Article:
Do Chickens Suffer in Wire Cages?
Published in the Rochester (NY) Democrat and Chronicle, on August 19, 2005 under the title, “Keep chickens out of wire-floored cages,” the following op-ed, by UPC President Karen Davis, is a response to “Chicken-cruelty charge and video rebuffed by execs, others” by Corydon Ireland, 07/02/05. The article, which discusses “A vegetarian activist group [that] broke into the Wegmans Egg Farm in Wayne County [NY] three times last summer and is now using video footage from the illegal nighttime visits to level charges of animal cruelty against Rochester-based Wegmans Food Markets Inc.,” contains industry opinions presented as “science” regarding the welfare of hens in battery cages. The heartrending video, Wegmans Cruelty, can be viewed at WegmanCruelty.com, or you can order the DVD from UPC for $10 (includes shipping).
Keep chickens out of wire-floored cages
By Karen Davis, PhD, President of United Poultry Concerns
Rochester Democrat and Chronicle, 08/19/05
Egg industry people often claim that hens don’t mind living and laying their eggs in wire cages, but this claim has more to do with assuaging the public than setting the record straight. In reality, ample science shows why chickens do not do “perfectly well” in cages.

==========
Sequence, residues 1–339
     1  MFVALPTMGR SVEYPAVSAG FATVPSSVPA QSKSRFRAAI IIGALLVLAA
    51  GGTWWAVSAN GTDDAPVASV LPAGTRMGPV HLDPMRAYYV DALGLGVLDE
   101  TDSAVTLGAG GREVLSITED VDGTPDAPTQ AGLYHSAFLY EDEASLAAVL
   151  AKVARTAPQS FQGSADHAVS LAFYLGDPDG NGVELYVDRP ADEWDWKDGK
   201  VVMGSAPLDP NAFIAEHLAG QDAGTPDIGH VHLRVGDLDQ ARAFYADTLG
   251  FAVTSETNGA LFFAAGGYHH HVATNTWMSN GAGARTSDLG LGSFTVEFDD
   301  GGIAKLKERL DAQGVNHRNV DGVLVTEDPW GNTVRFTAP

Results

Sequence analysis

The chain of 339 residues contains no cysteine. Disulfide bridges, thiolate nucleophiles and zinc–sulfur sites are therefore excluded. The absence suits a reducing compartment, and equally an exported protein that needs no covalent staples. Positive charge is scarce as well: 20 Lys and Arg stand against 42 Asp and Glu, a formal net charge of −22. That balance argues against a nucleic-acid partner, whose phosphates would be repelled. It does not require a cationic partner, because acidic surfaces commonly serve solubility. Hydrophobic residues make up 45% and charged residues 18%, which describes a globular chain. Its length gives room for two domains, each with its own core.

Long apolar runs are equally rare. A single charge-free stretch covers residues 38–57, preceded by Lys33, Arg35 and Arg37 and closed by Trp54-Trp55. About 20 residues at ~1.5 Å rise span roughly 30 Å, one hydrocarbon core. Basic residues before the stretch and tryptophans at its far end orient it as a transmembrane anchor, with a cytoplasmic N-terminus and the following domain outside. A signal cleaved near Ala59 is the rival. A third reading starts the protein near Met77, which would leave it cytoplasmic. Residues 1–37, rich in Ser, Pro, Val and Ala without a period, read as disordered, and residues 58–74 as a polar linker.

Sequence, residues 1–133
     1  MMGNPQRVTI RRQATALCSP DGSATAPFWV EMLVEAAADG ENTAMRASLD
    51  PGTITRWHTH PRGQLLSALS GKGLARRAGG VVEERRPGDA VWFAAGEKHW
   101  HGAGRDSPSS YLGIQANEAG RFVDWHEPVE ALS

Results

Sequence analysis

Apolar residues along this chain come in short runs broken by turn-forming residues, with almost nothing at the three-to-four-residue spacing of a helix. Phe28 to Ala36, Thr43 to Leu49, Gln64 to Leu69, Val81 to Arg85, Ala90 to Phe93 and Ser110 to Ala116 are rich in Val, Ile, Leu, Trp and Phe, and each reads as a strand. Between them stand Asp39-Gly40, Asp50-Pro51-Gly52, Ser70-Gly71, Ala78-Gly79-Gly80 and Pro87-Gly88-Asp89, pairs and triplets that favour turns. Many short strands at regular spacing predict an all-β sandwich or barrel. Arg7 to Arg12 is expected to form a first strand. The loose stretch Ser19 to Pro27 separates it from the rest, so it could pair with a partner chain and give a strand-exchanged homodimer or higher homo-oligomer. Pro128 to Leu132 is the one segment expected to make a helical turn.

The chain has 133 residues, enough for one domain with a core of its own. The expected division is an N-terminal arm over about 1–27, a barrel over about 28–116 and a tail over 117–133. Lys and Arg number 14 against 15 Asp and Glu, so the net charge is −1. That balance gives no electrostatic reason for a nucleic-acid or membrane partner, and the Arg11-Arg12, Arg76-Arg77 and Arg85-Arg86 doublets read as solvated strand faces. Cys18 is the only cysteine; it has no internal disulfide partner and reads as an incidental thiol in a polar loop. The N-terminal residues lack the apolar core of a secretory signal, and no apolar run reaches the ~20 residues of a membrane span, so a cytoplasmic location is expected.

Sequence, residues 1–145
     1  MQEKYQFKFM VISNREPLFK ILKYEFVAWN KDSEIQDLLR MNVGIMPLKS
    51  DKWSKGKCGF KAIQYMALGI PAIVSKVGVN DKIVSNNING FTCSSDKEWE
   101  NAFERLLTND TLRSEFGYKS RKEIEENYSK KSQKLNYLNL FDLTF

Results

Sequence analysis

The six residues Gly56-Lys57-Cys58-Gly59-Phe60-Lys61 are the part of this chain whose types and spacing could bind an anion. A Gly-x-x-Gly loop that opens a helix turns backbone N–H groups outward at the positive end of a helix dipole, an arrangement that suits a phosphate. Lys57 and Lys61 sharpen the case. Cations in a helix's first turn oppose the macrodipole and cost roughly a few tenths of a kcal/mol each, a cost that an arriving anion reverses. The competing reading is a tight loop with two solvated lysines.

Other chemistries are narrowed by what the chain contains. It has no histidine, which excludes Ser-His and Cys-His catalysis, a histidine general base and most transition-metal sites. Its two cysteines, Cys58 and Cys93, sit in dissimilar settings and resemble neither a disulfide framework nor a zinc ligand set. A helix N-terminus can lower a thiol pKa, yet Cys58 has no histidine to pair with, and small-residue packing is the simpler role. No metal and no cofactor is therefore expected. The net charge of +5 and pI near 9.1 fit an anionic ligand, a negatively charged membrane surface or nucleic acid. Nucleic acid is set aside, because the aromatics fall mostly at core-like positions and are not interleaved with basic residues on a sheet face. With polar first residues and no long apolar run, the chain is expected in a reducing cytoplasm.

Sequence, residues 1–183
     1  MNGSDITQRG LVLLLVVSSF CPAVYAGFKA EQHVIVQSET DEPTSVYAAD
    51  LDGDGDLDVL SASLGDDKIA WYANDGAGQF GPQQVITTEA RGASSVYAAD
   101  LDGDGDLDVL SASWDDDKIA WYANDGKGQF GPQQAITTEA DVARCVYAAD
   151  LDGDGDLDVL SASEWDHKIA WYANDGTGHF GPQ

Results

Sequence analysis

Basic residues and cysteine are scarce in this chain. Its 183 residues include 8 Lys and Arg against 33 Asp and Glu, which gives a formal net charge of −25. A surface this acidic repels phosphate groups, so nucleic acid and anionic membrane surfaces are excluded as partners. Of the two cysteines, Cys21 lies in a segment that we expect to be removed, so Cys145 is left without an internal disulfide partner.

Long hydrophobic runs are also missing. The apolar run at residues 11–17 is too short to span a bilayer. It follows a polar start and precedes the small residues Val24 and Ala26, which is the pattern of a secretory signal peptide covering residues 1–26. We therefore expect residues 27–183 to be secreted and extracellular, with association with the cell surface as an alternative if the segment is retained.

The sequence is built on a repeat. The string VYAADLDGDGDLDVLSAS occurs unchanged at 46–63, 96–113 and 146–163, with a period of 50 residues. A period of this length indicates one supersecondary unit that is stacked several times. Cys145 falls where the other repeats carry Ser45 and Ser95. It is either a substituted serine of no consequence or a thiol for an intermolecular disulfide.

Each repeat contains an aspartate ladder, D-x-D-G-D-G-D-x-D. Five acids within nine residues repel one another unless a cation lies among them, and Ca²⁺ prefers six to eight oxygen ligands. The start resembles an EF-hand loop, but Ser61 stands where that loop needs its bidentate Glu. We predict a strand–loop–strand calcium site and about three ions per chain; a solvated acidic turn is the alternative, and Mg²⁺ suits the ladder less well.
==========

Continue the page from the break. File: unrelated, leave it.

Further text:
Chickens’ feet and legs contain complex joints including many small bones, ligaments, cartilage pads, tendons and muscles that enable them to search and scratch for food on land. Wild chickens (the Red Jungle Fowl of Southeast Asia, from which all chickens derive) and feral chickens (domesticated chickens that revert to living free) spend half to 90 percent of their time foraging, making up to 15,000 pecks a day.
But it isn’t just wild and feral chickens. As biologist Marian Stamp Dawkins writes in her book Through Our Eyes Only?: “An ancestral memory of this way of life seems to have carried down the generations into the cages of our modern intensive farms so that even highly domesticated breeds have the same drive to scratch away to get their food.”
Based on experiments, Dawkins explains that if hens kept all their lives on wire floors are suddenly given access to a floor of wood-shavings or peat, they have “an immediate and strong preference for these more natural floors over the wire ones, which is all they have known until then. They dustbathe, eat particles of peat and scratch with their feet. It is not just the extra comfort afforded by a soft floor that attracts them, but all the behavior they can do there as well.”
By contrast, when hens are forced to stand and sit on wire mesh, their feet can become sore, cracked and deformed. The hen’s claws, which are designed to scratch vigorously, and thus stay short and blunt, become long, thin, twisted and broken. They can curl around the wire floor and entrap the hen, causing her to starve to death inches from her food and water.
The overriding issue is that hens are birds with behavior patterns that have no outlet in a cage. And it isn’t just animal advocates who point this out.
Concerning battery cages for hens, Dr. Lesley Rogers writes in her book, The Development of Brain and Behaviour in the Chicken: “In no way can these living conditions meet the demands of a complex nervous system designed to form a multitude of memories and to make complex decisions.”
Chickens need to be cage-free.